“Mama said, don’t give up, it’s a little complicated.”
Wouldn’t you agree that the person we ultimately become, as we grow older, is a collection of life lessons we’ve accumulated over the years from a variety of sources and experiences. They act as a road map and a framework for how we proceed through our lives and the core of our being.
Some of my greatest life lessons came directly from the mouth and actions of my parents, not always intended as such. Like witnessing my dad head to work every day in the early morning, sometimes not returning until dark. All while my mom dedicated her long working hours raising my sisters and me (a job she doesn’t get enough credit for). Or receiving pep talks from my dad after a defeat in one of my volleyball games, even when they weren’t well received from my hypo hormonal teenage self. And by my mom committing to not only provide a homemade meal for us, but insisting we ate dinner together as a family…every night.
These lessons are still things I use today; hard work, in hard times to dust yourself off and grow from it, and to always focus on family.
Of course, my own children will learn things like this from my husband and me in similar inadvertent opportunities as they navigate through their lives. But I also want to be intentional with the lessons I leave them. I make it a point in every interactions to look for “teachable” moments, where something not so pleasant can be used in a way to provide valuable takeaways and to develop their moral compass.
Take for example the catchy new Panic at the Disco song I quoted above, “High Hopes.” It just happens to be my youngest son Scout’s favorite tune right now, so I get lots of windshield time singing along with Brendon Urie’s ode to his mother’s advice:
“Had to have high, high hopes for a living
Shooting for the stars when I couldn’t make a killing
Didn’t have a dime but I always had a vision
Always had high, high hopes (high, high hopes)”
In 20 years, will your kids be singing about the lessons you taught them? Possibly not literally if they don’t pursue music, but how about figuratively? Shouldn’t that be all of our goals as parents?
I have found a simple way to teach my kids life lessons on a daily basis that doesn’t take much effort or time.
About two months ago I started implementing nightly, “Life Lessons” with my oldest son, Sawyer. At first he thought it was a little weird. After his normal bedtime routine of watching 6 minutes (yes 6) of a video of his choice and hugs and kisses, I would say, “Okay Sawyer, now for your life lesson.”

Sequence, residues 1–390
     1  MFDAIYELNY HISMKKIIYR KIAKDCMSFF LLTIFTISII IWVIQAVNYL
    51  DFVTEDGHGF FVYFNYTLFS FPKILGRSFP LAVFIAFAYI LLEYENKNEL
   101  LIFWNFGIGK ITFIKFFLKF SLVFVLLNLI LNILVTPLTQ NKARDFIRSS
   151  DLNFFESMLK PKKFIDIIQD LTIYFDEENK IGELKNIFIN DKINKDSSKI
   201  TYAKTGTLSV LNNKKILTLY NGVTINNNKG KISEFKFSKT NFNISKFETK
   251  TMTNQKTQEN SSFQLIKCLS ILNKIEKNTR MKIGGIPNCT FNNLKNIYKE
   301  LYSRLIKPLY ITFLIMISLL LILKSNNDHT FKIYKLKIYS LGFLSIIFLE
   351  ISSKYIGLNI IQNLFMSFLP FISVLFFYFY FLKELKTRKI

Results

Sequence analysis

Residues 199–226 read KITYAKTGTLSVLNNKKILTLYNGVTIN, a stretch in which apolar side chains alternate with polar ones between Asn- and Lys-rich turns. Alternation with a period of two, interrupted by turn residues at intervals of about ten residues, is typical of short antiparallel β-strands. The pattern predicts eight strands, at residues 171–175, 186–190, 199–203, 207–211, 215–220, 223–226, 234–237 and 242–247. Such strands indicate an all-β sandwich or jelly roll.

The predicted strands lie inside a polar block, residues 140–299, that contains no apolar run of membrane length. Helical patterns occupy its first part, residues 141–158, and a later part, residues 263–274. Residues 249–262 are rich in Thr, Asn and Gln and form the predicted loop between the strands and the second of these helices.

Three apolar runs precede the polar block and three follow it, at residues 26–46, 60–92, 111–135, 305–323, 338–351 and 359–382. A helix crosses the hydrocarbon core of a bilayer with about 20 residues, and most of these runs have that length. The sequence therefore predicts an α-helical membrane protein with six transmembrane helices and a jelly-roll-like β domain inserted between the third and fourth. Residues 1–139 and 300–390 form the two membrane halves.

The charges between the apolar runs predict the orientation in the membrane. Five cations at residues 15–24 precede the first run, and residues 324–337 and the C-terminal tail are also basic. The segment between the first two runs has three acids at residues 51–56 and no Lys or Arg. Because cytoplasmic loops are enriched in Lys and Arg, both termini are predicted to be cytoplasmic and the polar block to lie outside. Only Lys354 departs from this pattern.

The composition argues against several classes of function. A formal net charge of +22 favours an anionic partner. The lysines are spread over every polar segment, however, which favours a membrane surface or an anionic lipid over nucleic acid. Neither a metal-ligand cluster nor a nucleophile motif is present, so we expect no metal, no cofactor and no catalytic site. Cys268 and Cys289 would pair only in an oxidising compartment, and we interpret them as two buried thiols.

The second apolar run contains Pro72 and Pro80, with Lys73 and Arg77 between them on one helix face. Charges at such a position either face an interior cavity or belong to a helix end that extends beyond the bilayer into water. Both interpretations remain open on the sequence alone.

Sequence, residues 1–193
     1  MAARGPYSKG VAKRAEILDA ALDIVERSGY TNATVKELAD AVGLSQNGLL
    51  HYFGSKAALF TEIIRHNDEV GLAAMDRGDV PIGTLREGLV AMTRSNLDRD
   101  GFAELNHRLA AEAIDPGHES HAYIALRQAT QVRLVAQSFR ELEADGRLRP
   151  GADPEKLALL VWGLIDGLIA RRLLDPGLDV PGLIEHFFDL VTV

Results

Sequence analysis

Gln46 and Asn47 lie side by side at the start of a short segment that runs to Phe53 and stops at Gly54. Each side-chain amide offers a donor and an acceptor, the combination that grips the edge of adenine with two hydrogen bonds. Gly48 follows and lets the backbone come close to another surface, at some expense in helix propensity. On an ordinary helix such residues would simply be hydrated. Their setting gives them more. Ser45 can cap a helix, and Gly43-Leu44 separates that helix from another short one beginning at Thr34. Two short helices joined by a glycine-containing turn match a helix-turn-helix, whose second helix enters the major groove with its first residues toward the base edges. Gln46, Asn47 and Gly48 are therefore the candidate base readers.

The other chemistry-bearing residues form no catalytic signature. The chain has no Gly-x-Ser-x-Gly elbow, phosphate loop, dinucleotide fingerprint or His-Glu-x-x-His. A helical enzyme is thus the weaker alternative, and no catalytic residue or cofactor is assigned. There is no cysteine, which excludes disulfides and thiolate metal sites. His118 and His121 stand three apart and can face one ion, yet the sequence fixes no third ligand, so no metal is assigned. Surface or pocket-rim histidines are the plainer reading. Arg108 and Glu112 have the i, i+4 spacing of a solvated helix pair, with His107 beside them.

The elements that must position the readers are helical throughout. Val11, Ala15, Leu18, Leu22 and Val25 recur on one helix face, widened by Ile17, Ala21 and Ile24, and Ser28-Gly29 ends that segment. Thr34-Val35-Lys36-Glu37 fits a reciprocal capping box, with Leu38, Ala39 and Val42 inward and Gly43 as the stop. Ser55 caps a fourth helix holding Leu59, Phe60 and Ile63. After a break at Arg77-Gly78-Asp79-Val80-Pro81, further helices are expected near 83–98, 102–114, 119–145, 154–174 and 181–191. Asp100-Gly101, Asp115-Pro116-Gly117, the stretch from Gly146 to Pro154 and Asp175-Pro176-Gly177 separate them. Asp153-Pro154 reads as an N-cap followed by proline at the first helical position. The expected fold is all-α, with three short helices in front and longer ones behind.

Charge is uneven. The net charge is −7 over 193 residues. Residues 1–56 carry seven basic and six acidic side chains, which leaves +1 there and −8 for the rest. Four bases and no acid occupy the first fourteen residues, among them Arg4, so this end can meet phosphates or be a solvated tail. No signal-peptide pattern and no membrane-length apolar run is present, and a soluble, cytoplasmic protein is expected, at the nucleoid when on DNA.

I would then give him a short 2-3 minute talk on anything from common courtesy, to manners and kindness, to making smart choices. Think, “Be kind” “Be a leader”, “Always be honest”, “Befriend those that are alone”, “Family comes first.” And I always apply it to an example in his life. Like with “respect others,” I’d remind him how important it is to treat others the way you want to be treated, at school and at home.
When I first started I basically went through the 10 Commandments, but my own kid-applicable versions. Because I made it part of his routine and I add in humor of course, he now asks for (and expects) them every night, “Mom what is my lesson tonight?” It really touches my heart, but also keeps me in check.
I struggle some times to come up with new ones, but one trick I use is when I have my own issues to deal with during the day, I think about how it is a way for me to practice what I preach. What is something I have learned that I not only can put into action, but teach him to as well?
For example, I imagine that with my boys growing up in a social media heavy world, they might one day struggle with comparing themselves to others and try to be something they aren’t. Normal kid stuff but magnified and broadcasted. So, I gave him a lesson one night about how he is one-of-a-kind and not meant to be anyone but himself. His eyes widened as I spoke, like a light bulb went off.
He repeated back to me “I should always be Sawyer.” Yes, son, yes!
And just like Brendon sings, and I couldn’t say it better myself:
“Mama said, it’s uphill for oddities
The stranger crusaders, ain’t ever wannabes
The weird and the novelties don’t ever change”
I understand, not all of these lessons will stick. Some won’t make the cut as he fills his brain with both intellectual and trivial things, but my hope is that by having a daily open dialogue on our principles with our boys, we are helping to incrementally influence their character into two thoughtful and, above all else, KIND HUMAN BEINGS.
I’d love to hear your best life lessons too; what did your parents teach you that you plan to pass on to your kids? I do need some more, so you’ll be helping a mama out!